Rescue team members and partnering sanctuaries of WFLF’s NHRRM, including The Black Hills Wild Horse Sanctuary, Northeastern Nevada Equine Rescue, Live and Let Live Equine Sanctuary, Sacred Heart’s Firelight South, Wild Burro Protection League, Harmony Horseworks, Saving Horses Inc., have issued a harmonious statement of support for Navajo President Shelly's powerful stance in opposition to horse slaughter. With praises for Shelly's promise to suspend the roundups of wild horses on the reservation, the NHRRM encourages permanent suspensions together with positive, viable and humane alternatives for the management of wild horses on Navajo lands.
The New York Times (NYT) broke the news online yesterday, reporting that “Shelly will also order a temporary suspension of wild horse roundups on the reservation.” According to the NYT the Navajo leader said, “I am interested in long-term humane solutions to manage our horse populations,” Mr. Shelly said. “Our land is precious to the Navajo people as are all the horses on the Navajo Nation. Horses are sacred animals to us.
NN President Ben Shelly agreed to suspend horse roundups on the Navajo Nation during a meeting with former New Mexico Governor Bill Richardson over the week end. Gov. Richardson represents the Foundation to Protect New Mexico Wildlife, which he founded with actor, director and conservationist Robert Redford. The foundation is working to stop the slaughter of horses, including actively fighting efforts to reopen horse slaughterhouses in the United States.
In a press release issued by NN President Ben Shelly, Gov. Richardson said, "I commend President Shelly for calling for an immediate end to horse roundups and for making it clear that moving forward the Navajo Nation will not support horse slaughter or the return of horse slaughter facilities. This is exactly the outcome horse advocates, such as myself, had hoped for.”
The two leaders agreed to develop a Memorandum of Understanding (MOU) that would suspend horse round ups on the Navajo Nation.
WFLF, President, horse advocate and filmmaker, Katia Louise has been actively working behind the scenes over the last several months with Navajo Elders, and with Richardson, in garnishing collaborative support in a united effort on behalf of protecting and preserving America’s horse and burro population.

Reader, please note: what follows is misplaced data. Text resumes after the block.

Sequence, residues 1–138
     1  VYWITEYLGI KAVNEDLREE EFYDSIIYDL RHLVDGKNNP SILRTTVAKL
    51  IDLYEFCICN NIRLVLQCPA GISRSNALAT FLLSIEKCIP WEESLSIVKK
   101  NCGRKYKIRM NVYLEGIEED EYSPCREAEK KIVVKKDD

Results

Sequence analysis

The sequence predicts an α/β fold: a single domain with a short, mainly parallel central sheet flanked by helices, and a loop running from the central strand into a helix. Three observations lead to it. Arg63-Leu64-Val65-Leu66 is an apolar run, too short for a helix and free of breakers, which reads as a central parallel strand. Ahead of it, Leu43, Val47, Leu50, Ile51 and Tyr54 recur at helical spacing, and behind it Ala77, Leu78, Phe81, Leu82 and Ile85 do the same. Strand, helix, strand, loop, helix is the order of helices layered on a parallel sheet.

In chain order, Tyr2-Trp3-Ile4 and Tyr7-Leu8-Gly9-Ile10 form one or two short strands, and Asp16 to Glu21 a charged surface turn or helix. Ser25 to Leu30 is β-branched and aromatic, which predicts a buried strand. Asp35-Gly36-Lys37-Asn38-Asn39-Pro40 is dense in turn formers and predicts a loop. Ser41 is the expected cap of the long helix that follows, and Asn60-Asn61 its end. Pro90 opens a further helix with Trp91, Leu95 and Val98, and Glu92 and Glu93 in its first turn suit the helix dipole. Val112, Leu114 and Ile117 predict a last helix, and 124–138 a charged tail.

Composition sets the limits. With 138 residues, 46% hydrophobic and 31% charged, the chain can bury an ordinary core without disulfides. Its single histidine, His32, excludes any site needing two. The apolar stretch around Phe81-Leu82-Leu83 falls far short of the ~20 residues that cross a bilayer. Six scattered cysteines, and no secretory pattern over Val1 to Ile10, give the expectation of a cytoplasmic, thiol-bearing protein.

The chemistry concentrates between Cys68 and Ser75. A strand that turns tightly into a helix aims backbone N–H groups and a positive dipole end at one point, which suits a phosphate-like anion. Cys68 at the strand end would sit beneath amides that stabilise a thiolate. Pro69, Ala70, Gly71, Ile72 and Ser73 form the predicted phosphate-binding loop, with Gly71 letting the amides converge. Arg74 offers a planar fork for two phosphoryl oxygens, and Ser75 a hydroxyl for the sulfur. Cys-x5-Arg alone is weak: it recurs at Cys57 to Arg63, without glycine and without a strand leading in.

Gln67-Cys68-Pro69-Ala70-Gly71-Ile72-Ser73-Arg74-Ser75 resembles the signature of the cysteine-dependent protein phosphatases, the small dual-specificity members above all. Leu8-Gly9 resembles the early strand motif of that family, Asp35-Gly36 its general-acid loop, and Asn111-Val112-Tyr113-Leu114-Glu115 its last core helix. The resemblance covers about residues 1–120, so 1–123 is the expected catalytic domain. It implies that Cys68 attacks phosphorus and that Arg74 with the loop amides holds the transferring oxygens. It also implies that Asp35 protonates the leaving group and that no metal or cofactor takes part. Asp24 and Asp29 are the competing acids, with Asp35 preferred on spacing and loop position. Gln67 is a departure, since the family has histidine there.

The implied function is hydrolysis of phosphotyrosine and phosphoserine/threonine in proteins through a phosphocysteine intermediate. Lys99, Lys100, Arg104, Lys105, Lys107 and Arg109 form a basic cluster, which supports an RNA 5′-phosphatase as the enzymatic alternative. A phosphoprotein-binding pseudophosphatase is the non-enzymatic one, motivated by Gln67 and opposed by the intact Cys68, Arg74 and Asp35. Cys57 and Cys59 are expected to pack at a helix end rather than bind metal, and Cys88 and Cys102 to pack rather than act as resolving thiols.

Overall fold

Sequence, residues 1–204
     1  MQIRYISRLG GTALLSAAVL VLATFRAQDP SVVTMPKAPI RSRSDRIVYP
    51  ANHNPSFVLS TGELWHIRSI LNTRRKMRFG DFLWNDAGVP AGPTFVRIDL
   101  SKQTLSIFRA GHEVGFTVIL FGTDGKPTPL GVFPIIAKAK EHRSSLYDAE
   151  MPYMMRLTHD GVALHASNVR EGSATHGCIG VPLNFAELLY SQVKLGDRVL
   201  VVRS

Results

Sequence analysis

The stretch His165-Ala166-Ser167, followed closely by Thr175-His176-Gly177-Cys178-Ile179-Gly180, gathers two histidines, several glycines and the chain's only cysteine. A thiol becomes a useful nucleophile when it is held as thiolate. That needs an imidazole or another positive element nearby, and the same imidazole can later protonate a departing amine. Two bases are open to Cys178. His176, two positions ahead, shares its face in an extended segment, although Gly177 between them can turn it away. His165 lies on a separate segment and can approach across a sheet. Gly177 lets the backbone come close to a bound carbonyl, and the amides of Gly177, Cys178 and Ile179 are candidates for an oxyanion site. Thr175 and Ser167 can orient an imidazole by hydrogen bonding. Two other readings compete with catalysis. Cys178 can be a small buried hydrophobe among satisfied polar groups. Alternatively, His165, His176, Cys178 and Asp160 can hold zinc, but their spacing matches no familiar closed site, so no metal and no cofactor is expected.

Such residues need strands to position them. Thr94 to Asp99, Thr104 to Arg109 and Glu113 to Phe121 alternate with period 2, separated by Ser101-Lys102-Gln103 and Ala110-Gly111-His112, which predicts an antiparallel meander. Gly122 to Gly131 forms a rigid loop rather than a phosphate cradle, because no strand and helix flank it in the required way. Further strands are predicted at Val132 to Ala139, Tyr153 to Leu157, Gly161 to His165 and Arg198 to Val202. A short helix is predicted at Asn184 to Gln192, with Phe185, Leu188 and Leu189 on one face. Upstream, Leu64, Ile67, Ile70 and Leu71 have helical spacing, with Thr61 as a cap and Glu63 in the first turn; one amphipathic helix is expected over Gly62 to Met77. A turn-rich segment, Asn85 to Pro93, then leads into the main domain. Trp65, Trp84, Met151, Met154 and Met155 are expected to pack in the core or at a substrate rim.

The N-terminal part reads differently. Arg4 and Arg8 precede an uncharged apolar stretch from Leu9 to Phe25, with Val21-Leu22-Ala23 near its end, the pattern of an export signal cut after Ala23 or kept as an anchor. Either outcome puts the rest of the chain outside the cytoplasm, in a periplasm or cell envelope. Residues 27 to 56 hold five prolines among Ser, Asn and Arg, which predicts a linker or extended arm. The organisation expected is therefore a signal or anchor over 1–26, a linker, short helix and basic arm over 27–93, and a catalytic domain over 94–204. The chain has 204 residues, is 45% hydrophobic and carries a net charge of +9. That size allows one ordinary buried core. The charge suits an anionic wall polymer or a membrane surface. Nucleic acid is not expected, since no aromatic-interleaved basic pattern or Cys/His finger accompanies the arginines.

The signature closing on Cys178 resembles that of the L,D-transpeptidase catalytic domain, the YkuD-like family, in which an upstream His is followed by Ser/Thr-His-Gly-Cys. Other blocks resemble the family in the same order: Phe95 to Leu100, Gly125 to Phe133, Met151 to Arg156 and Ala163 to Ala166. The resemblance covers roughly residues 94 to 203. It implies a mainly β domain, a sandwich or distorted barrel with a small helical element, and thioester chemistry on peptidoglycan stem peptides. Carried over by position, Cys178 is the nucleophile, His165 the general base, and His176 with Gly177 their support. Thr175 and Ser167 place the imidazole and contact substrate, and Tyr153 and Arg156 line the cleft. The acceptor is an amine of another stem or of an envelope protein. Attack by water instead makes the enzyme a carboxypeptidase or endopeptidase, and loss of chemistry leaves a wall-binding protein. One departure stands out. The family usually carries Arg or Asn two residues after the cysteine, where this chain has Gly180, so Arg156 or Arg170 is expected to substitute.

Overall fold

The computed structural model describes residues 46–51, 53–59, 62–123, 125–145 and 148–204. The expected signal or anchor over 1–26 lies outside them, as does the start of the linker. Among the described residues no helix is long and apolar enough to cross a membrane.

WFLF’s Navajo Rescue and Recovery Mission (NHRRM) recently rescued 17 Navajo foals ages 2-5 months that had been orphaned during the Navajo Nation roundups. “These roundup survivors they are now helping to show the world that the re-introduction of horses to rangelands, in truth can rejuvenate the environment,” says Katia Louise. “They are sacred and majestic beings - they heal our hearts and can heal the lands.”
Wild for Life Foundation’s NHRRM and its wild horse preservation initiative serves as an educational platform for the protection of wildlife through the provision of long term sanctuary of wild horses and burros removed from America's rangelands. WFLF and its Saving America’s Horses Initiative is an international consortium of scientists, equine welfare experts, researchers, and horse advocates collaborating efforts to promote wild horse conservation and preservation initiatives with a focus on the prevention of equine cruelty. WFLF supports comprehensive and science-based solutions that lead to systemic change, reduce suffering, and cultivate a more compassionate society.
WFLF: Kate Dudley, 310.439.9817, email@example.com
About the WFLF
The Wild for Life Foundation (WFLF) is a 501 (c)(3) nonprofit charity dedicated to saving, protecting and preserving equines through rescue, sanctuary and education. WFLF promotes the preservation of natural ecosystems, wildlife and the prevention of cruelty to equines, and opposes practices that threaten the environment, wildlife and that cause suffering to animals. Federal ID No. 26-3052458 — On the Web at www.WildforLifeFoundation.org